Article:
The Product Design Process

Process & Technical Feasibility

Paul Boag

Paul Boag

The Product Design Process

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The "Process & Technical Feasibility" Lesson is part of the full, The Product Design Process course featured in this preview video. Here's what you'd learn in this lesson:

Paul emphasizes the importance of designers working in harmony with developers and understanding technical feasibility and scalability. He discusses the importance of understanding HTML and CSS, and encourages designers to at least have a basic knowledge of coding. He also talks about the concept of simplicity in design and shares a process for simplifying complex interfaces by asking three questions: Can I remove it? Can I hide it? Can I shrink it?


Transcript from the "Process & Technical Feasibility" Lesson

>> As designers, we do have this habit of going, well, that's the techies problem. [LAUGH] But actually, we need to work in harmony with developers and side by side with them. So we need to understand technical feasibility and whether our idea was scaled. Is there anyone here old enough to remember

Yeah, it was shoot it's really funny how something could be so huge at one point and then nobody knows about it anymore. It really was, it was like Facebook level huge back in the day, and I happened to be friends with the lead designer there and the lead developer, right?

Daniel Burka and Joe Stump. And they told me this or Daniel told me this story. The whole premise of Digg was that you had, it was a bit, I guess it was a bit like Reddit. That you could post stories basically, things in the news that's up and then people can dig it, vote it up.

Okay, and so there was this little badge where you could vote things up or down, and Daniel was messing around designing a new version of the badge. And luckily he showed it to Joe before he showed it to the big bosses, right? Because Joe took one look at it and said, if you design it like that, I'm gonna have to add at least ten new servers, right, simply because of the demand that it would put on the code base doing it like that.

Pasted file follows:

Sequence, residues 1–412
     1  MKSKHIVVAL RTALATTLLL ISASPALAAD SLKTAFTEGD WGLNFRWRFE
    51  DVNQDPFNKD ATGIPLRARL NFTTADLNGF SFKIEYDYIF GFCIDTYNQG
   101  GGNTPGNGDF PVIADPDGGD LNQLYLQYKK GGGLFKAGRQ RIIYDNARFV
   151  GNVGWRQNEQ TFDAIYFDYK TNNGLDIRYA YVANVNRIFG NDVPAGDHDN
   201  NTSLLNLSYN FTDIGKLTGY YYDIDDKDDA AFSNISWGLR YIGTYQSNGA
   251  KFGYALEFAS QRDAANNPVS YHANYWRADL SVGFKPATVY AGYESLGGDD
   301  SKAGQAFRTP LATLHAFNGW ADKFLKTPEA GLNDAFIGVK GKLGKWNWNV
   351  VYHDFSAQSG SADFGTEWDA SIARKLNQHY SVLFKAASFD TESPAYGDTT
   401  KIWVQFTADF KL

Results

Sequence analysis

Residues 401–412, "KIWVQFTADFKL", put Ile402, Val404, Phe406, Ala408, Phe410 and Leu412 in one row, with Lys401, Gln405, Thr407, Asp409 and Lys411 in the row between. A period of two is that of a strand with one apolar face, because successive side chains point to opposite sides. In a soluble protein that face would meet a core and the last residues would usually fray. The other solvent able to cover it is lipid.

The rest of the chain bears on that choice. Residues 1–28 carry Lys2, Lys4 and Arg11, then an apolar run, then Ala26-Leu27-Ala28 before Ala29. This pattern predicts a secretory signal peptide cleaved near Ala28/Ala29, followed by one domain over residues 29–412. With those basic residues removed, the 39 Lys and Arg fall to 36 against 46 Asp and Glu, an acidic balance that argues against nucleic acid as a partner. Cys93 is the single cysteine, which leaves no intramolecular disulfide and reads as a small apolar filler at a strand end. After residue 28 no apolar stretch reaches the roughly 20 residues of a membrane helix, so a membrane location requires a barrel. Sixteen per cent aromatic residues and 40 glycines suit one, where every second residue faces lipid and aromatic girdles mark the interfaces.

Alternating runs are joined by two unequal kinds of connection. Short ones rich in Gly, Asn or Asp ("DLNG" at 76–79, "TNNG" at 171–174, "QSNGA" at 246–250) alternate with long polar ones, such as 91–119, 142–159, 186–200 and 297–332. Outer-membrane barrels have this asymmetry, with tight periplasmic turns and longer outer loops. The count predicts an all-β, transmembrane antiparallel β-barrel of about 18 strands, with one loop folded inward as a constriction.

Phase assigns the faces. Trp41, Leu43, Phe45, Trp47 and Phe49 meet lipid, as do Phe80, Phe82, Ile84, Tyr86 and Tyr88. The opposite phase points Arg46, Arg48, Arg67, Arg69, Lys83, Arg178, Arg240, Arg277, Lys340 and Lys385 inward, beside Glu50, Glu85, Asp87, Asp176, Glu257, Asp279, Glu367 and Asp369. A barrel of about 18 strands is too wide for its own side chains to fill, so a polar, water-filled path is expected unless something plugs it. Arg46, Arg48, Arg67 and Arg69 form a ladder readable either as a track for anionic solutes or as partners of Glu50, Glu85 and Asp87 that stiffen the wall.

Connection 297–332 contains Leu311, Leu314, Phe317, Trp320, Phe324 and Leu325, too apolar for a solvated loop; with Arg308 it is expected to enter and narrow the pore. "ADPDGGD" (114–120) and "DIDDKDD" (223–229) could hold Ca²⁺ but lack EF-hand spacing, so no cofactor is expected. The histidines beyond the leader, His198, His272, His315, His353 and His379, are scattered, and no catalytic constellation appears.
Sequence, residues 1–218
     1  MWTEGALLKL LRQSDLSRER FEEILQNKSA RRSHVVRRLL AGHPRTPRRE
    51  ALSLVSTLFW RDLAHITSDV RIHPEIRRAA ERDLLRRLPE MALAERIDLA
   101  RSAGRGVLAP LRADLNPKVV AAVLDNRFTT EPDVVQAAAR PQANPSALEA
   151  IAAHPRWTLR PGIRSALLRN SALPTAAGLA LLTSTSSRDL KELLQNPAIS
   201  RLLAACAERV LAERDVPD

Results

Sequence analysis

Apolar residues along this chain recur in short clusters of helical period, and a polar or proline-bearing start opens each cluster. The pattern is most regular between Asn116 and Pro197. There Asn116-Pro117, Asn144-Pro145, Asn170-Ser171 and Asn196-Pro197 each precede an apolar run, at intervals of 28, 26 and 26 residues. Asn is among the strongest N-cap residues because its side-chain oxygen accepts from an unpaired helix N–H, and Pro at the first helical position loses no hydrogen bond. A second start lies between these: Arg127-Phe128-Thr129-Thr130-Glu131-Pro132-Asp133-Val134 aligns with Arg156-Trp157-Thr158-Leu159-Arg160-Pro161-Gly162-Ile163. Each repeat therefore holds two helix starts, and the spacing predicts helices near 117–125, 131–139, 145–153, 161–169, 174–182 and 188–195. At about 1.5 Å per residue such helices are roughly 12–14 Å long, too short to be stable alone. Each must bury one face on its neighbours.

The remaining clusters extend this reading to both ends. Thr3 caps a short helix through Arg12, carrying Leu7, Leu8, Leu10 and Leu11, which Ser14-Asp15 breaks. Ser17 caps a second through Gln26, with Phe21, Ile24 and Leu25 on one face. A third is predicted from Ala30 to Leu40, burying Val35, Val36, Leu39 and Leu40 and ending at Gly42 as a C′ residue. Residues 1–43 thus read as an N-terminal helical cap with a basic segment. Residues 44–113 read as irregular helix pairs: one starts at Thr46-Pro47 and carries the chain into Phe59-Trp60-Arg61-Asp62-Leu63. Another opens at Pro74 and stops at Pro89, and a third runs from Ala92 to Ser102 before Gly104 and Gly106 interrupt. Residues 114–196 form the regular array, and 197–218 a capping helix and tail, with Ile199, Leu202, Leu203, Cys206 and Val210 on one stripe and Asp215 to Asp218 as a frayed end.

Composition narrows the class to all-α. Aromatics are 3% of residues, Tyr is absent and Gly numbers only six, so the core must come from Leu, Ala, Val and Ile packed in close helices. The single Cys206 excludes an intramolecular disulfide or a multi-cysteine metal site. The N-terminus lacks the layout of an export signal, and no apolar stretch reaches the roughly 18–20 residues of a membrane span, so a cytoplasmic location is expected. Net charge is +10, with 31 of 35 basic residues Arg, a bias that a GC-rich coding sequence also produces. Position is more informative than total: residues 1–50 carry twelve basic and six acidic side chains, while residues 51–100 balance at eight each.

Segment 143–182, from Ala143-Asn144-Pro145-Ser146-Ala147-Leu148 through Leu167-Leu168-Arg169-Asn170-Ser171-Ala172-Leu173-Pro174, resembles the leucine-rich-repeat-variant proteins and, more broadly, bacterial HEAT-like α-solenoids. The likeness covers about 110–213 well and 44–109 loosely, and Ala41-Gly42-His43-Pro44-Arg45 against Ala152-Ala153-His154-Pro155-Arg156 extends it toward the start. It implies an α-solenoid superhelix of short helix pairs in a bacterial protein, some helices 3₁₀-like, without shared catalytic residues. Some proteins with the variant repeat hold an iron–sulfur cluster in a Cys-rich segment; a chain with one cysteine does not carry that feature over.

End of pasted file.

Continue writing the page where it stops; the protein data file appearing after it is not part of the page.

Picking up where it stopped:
So understanding the technology and the feasibility and the scalability of things is so important. I'm not saying you need to be an expert developer, but you do need to a, at least talk to your developer. And if I'm gonna throw something controversial into the thing, I would say you need to know how to write HTML, CSS as well, right?

I will get in trouble for that, I suspect, because a lot of people disagree with me over that. But I think it's fundamental. And when we come on later to talk about prototyping in Figma and design systems, you will see just how important it is to understand how code works, at least a basic level, if you wanna call yourself a product designer.

Or, I would argue, a web designer or a user interface designer. Anyway, you can shout at me when you want to. All the hands that went up then. [LAUGH] Yeah, you go for it first.
>> How important do you think Javascript is to product designers and-